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for the secure bed and the spacious bed-roomhe execrates none; he dwells on his hours of happiness in it, rather than on his days of sorrow. Something has carried away every unkindly feeling, and regret, ay fond regret, as he for the last time, stirs and warms his bosom. And ever after may he look back with fondness on his days of voyaging. When, long afterwards, he looks to the time when he deemed himself most uncomfortable to the time when he deemed himself away from the world and all enjoyment, he may be inclined to say,
that though he deemed them so then, these were not his unhappiest moments--that then he had indeed more enjoyment than he has, sometimes, had since in the bustling world ; and he may even wish again for another trip upon the waves.
And again, in this feeling we have a beautiful proof how much that restlessness and changeableness which exists in man, stands in the way of his comfort. It shews us that the eagerness which is ever keeping him in anxiety, is also ever leading him into error ; that in looking so earnestly for what he expects, he is apt to neglect what he really has ; that sometimes when he ought not, he frets and discontents himself, and finds hardly any enjoyment in the situation he is in, merely because he has fixed his desires upon what he imagines a better. It shews, us that after we resign, or just when we are on the eve of resigning, what we deem an unhappy state, we may find out that there is indeed happiness in it,—that it was truly worth our prizing. And shewing us this, it teaches us, that nothing we are obliged to engage in, we should consider too hard, or rashly condemn and throw up; that whatever our state is, we ought to endeavour to be content, for it may be better than we imagine; it may
be better than even another we are desiring. It teaches us that even all the privations and annoyances of an Indian voyage should not make us complain very much. And lastly, seeing that the feeling is apt to exist under all circumstances,--that the mind habituated to any thing, whether good or bad, has a reluctance and a difficulty in withdrawing itself from it; we see how nicely we ought to choose,-how necessary it is that we strenuously avoid, making any attachment we would by-and-by wish to have broken ; and how quickly we should set about breaking it, if such an attachment has been made.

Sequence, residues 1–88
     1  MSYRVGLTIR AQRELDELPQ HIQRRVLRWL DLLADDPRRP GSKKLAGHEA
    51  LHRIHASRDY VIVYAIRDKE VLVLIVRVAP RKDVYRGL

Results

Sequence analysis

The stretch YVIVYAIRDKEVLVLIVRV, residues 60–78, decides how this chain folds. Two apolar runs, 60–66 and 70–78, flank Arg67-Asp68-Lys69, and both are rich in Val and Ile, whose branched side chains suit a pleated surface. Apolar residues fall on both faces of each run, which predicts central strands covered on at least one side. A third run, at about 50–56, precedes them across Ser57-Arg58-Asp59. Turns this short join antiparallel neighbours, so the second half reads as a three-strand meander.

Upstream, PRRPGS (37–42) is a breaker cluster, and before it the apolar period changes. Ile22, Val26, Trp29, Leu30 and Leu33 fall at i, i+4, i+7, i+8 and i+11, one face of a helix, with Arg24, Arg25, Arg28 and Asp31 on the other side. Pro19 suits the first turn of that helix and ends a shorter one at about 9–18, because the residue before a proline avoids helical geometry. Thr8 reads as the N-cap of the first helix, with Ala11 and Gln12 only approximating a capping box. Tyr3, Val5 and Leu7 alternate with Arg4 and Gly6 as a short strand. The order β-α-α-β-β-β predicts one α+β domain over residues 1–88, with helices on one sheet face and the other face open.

Where'er we roam
At dawn of day on the 21st of July, after a passage of just four months from England, we anchored safe in Madras Roads. The preceding night even the passenger was found keeping watch. Some, I believe, did not go to bed at all, but remained upon deck, looking out with as much anxiety as the commander himself for the light which was to warn us of our approach to Madras ; and most of those who did go, went only to remain, awake, until they should hear the glad call. all hands up to bring the ship to anchor;' so anxiously did every heart beat as we were drawing to the port.
I have formerly spoken rather against an overgreat anxiety at sea, to get forward; but I can well excuse, nay, I can almost commend, a little eagerness at such a time as this. The thought that after all our dangers and anxieties we are now getting into the harbour of safety: the inclination which all have, more or less, of seeing the end of what they are engaged in; the curiosity we possess to view the far-distant and farfamed place ; the place where, perhaps, we are destined to spend many of our years ; stir up
in the bosom a degree of anxiety which it is difficult, indeed scarcely possible, for any one to restrain. Nor is it right perhaps, as I have said, that it should be restrained. For it is not the fretful anxiety of disappointment. It is not that racking of the mind caused by discontentment; that anxiety which exists in an over-eager, everasking spirit. It is the gentler anxiousness of natural desire,--the more grateful buoyancy of